Entertainmental: All Good… Er, Okay Things…

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Entertainmental2_1_28_16As you’ve surely heard by now, the Oscars are very racist. For the second year in a row, the acting categories at the Oscars were completely devoid of any color. Last year it strangely didn’t cause much of a stir. This year, Spike Lee and Jada Pinkett-Smith, a pair of A-listers who are not exactly dispassionate and unbiased (Spike Lee had a major film release this year which got no nominations, and one of the major “snubs” for acting was Will Smith, Jada’s husband) have launched a boycott which now threatens to change the Oscars as we know them.

I think that’s great, because the Oscars, the Academy, and the whole Hollywood culture of self-congratulation, are all garbage and belong far in our collective rear-view.

First of all, let’s remember what this is and why we care; it’s an award ceremony to crown the most deserving millionaires in a room full of gajillionaires, for their brave, and without exception, incredibly lucrative art projects. Now I’m generally among the last people to hate on someone for earning a lot of money for their work. I’m a LeBron James fan, after all. But there is something to be said about picking among the most successful pictures of the year (meaning, they already made a truckload of money) to find the ones you’re going to arbitrarily claim are the “best,” thereby backing up additional Brinks’ trucks to their doorsteps. Bear in mind, an actually “independent” film, or even just a commercially unpopular film, has never been named Best Picture at the Oscars.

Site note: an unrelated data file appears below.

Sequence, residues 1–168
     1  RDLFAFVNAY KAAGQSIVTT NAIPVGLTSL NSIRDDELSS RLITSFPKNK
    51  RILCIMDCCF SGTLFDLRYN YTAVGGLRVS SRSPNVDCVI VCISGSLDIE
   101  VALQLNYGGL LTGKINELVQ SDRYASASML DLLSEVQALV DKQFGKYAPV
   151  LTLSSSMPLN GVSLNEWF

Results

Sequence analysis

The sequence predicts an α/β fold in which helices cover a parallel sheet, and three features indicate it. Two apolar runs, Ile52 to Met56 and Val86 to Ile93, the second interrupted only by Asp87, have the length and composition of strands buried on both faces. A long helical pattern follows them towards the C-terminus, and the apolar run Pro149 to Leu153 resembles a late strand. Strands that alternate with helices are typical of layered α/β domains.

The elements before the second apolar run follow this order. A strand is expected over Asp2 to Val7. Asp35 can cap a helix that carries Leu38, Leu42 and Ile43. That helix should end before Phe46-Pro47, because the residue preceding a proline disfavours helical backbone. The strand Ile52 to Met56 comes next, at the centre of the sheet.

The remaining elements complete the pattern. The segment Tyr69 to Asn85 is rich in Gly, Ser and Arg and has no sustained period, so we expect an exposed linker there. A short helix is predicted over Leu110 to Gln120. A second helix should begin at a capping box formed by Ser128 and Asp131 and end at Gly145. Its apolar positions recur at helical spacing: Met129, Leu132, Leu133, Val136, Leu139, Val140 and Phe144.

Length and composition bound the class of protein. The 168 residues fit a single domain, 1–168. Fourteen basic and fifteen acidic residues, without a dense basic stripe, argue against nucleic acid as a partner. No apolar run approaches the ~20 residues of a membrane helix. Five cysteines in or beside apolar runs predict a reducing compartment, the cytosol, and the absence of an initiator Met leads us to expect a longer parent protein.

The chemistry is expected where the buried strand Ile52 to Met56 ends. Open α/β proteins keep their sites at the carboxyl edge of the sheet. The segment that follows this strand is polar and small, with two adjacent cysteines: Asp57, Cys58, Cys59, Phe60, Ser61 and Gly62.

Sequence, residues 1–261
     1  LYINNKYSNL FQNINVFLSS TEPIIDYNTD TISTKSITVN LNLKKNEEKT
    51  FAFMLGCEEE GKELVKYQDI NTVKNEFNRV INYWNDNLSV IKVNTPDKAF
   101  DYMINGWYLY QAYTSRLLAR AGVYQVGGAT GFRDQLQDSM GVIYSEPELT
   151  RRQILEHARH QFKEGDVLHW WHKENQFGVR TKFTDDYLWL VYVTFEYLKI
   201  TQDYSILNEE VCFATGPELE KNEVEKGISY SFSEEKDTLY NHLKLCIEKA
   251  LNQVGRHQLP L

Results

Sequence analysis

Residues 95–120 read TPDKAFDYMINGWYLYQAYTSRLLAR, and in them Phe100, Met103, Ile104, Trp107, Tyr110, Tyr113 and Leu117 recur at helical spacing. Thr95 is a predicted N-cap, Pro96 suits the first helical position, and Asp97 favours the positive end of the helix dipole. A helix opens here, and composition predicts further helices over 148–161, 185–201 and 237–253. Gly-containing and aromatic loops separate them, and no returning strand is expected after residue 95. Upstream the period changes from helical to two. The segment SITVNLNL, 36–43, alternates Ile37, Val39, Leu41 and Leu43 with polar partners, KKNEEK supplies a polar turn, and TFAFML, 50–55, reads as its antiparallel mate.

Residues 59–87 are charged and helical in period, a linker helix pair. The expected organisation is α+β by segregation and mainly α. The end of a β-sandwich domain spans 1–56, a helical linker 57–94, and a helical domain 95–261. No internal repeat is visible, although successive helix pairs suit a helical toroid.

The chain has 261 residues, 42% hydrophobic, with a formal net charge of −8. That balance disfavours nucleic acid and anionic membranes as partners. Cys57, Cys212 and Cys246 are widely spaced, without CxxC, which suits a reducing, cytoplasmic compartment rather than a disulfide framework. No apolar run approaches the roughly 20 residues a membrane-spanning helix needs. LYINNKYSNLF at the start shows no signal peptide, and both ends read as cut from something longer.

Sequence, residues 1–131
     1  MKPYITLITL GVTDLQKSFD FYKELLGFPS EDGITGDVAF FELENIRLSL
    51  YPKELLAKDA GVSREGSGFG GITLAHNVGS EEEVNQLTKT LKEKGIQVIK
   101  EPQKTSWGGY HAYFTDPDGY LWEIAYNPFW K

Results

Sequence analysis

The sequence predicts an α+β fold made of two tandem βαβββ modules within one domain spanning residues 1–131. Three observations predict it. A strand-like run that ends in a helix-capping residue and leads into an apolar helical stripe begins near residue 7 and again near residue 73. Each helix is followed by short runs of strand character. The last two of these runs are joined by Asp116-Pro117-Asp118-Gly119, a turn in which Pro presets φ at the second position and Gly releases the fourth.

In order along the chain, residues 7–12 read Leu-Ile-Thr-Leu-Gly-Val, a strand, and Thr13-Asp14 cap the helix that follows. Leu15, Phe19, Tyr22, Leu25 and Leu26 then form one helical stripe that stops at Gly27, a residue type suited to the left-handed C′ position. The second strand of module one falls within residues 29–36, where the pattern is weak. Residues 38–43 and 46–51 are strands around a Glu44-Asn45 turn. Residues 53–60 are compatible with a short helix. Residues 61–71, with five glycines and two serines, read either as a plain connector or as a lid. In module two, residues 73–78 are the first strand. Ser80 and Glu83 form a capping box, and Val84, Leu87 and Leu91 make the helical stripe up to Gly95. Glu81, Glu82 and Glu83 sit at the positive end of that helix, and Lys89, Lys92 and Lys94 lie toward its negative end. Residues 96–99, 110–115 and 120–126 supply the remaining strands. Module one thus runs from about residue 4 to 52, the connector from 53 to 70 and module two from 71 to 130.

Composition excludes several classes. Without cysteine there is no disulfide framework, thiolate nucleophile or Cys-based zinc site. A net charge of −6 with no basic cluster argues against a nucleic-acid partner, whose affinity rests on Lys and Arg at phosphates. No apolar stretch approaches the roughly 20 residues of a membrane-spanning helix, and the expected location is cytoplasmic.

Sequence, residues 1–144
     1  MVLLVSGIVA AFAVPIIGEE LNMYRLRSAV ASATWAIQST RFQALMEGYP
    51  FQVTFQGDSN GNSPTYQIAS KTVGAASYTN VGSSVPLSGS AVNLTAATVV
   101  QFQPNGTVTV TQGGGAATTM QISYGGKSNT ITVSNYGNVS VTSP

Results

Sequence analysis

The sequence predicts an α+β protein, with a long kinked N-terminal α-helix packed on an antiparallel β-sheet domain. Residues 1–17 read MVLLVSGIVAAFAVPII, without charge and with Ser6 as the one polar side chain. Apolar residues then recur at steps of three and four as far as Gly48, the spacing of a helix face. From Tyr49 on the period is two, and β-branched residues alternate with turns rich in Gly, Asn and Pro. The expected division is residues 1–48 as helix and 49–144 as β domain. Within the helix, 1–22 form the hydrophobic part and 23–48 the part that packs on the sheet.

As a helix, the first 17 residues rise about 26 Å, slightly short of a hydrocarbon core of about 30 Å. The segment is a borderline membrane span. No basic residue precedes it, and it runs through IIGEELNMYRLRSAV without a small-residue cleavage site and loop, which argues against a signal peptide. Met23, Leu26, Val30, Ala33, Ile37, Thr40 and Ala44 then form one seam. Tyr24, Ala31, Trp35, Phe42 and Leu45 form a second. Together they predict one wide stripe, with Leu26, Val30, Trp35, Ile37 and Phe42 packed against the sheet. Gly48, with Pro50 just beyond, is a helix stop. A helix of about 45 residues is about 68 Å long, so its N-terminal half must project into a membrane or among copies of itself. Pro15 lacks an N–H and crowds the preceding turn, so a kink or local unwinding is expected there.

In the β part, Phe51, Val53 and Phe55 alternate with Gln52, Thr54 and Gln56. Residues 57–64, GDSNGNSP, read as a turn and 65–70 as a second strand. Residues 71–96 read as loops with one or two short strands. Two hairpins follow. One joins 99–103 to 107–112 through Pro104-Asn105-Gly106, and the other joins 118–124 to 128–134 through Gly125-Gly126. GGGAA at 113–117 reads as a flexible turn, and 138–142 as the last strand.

During the old Hollywood era, where independent films didn’t even exist, this actually wasn’t a problem. But nowadays there are more films being made in every corner of the world, by every economic and artistic group, than ever before.  By a staggering margin. Where the Academy used to sift through a few hundred films from all over the world, the number of theatrically released films now counts well into the thousands each year, and with newer methods of delivery (Netflix, Amazon, etc.) also adding movies which get released for brief theatrical runs to get Academy eligibility, that number promises to continue to swell.

We all know perfectly well the Academy members don’t actually get to watch even a fraction of the major releases, let alone all the new and innovative films being created on the fringes of the Hollywood system. Why then even give a modicum of credence to the meaningless crowing of a winner?